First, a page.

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Got A Ford Tractor? Come Join The Club
One of the country's newest "collector groups" is the "Ford 2N, 8N and 9N Preservation Society founded by J. Todd Miles of Milbury, Mass. Miles also publishes a bimonthly newsletter called Small Farmer for members of the new Preservation Society.
Says Miles: "Anyone can advertise in the newsletter. But most want to buy or sell Ford tractors, or parts. Right now, parts are the major concern of anyone wanting to restore these tractors. Ford no longer makes engine blocks for these models and replacement blocks must be obtained from other tractors. Certain other parts are equally hard to find and command a good price on the used market."
Ford Preservation Society membership costs $5 per year and includes six issues of the Small Farmer newsletter. In addition to ads for tractors, parts and similar items, much of the newsletter is devoted to questions and answers on various aspects of Ford tractor renovation. If Miles, or other experts he can call on, is unable to provide answers, the question is printed in the newsletter and readers are invited to send answers - how to solve particular problems, where to find specific parts, does anyone have an original operator's manual, etc.
The 9N Ford-Ferguson was introduced in 1939, followed by the 2N in 1942. The red and gray Ford 8N came
out in 1947 following the separation of Ford and Ferguson. According to Ford Tractor Operations, more than 800,000 "N" series Ford tractors were built from 1939 to 1952, and many are still in use on farms around the world.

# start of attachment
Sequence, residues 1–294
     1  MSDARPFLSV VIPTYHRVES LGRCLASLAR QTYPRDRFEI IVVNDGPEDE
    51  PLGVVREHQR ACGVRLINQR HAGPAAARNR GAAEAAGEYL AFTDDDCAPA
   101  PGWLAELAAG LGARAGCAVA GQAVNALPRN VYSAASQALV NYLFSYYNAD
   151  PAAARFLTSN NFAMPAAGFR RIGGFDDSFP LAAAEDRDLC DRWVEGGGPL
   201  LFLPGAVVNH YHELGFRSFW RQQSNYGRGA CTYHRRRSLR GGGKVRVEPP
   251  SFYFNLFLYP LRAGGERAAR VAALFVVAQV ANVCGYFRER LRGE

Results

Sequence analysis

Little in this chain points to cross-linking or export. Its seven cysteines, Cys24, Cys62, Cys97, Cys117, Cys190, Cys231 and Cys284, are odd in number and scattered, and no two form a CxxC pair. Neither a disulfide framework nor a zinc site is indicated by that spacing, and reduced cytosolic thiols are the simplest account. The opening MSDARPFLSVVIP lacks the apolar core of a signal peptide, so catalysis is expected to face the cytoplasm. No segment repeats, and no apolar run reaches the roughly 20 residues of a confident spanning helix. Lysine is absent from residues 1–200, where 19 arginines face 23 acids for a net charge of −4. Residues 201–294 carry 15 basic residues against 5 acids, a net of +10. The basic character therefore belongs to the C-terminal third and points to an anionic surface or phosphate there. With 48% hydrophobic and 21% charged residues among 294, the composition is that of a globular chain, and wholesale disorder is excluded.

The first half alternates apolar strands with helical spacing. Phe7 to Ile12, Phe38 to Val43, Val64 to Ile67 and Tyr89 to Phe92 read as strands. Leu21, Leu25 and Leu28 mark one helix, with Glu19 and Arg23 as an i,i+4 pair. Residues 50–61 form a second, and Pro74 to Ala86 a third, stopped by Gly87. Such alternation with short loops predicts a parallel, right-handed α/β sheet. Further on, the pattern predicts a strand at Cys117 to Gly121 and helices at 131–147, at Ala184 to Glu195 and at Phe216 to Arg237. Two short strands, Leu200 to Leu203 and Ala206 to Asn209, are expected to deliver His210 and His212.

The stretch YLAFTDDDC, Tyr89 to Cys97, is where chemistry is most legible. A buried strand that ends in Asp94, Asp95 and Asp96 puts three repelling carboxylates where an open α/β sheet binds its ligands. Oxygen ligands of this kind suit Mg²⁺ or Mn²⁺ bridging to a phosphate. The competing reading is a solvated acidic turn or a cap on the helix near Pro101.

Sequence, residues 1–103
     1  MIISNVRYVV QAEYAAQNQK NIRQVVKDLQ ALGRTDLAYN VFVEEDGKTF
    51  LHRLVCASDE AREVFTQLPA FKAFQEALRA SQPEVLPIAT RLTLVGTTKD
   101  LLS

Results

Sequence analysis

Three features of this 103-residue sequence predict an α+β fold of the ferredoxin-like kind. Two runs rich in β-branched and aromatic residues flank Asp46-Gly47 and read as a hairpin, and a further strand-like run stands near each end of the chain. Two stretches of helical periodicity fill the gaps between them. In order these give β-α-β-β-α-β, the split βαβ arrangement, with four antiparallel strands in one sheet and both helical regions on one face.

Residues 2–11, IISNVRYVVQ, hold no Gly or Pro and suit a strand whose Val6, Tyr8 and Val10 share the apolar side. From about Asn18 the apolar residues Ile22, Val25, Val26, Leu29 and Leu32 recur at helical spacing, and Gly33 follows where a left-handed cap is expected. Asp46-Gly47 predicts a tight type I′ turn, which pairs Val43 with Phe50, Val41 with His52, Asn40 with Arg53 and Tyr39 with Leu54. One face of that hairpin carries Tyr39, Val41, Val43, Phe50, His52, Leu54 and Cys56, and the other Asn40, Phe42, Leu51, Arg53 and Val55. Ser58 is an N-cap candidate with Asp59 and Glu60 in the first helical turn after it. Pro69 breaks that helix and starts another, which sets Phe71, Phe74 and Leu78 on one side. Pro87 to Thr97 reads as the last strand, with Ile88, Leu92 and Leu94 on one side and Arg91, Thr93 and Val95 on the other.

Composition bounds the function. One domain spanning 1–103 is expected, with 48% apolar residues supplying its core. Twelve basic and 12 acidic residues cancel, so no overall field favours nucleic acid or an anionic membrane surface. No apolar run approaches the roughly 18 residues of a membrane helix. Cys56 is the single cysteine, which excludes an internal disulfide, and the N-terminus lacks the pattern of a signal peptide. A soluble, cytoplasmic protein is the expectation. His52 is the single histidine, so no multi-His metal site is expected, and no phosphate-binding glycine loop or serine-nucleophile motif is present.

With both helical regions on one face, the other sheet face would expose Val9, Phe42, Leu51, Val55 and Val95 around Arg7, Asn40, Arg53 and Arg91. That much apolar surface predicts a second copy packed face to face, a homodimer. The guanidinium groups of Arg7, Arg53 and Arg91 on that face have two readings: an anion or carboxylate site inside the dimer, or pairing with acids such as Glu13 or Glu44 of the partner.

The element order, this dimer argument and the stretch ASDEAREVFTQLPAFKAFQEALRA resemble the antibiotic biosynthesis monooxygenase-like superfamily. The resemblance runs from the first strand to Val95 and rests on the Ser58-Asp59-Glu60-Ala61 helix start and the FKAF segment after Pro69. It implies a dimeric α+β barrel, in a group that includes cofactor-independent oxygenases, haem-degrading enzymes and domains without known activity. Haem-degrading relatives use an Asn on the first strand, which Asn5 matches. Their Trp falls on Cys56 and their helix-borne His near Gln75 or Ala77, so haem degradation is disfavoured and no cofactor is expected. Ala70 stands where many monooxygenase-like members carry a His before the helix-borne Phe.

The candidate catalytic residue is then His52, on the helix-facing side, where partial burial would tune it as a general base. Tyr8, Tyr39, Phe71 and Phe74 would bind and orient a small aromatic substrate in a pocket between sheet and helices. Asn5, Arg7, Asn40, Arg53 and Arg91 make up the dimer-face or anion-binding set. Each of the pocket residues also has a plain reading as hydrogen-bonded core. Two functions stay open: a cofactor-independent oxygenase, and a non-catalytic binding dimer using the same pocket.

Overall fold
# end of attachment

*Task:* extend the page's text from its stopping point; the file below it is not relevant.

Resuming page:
Miles says it depends somewhat on the part of the country, but any "N" that even barely runs will bring about $500 today. However, one that's been rebuilt and has good paint may sell for $2,000 or more. At a recent wholesale equipment auction in Alabama, two 1951 8N's in "excellent" condition brought $1,650 each and another of the same age sold for $1,700. A 1948 8N in "good" condition went for $1,400. A recent ad in the Small Farmer offered five "N's" for $1,000 and up apiece.
For more information, contact: FARM SHOW Followup, J. Todd Miles, Graystone Farm, Milbury, Mass. 01527 (ph 617 754-4612). Miles asks that anyone wishing a sample copy of the Small Farmer newsletter please enclose a stamped selfaddressed, business-size envelope.
If you're interested in the older Fordson tractors, introduced in 1917, contact: Charles R. Hope, Jr., R. 2, Box 1434, Purcellville, Va. 22132 (ph 703 338-2500). In England, a Fordson Owner's Club is headed by Arthur Batelle, editor of Fordson Magazine, Abaston, Derby, England.

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1980 - Volume #4, Issue #4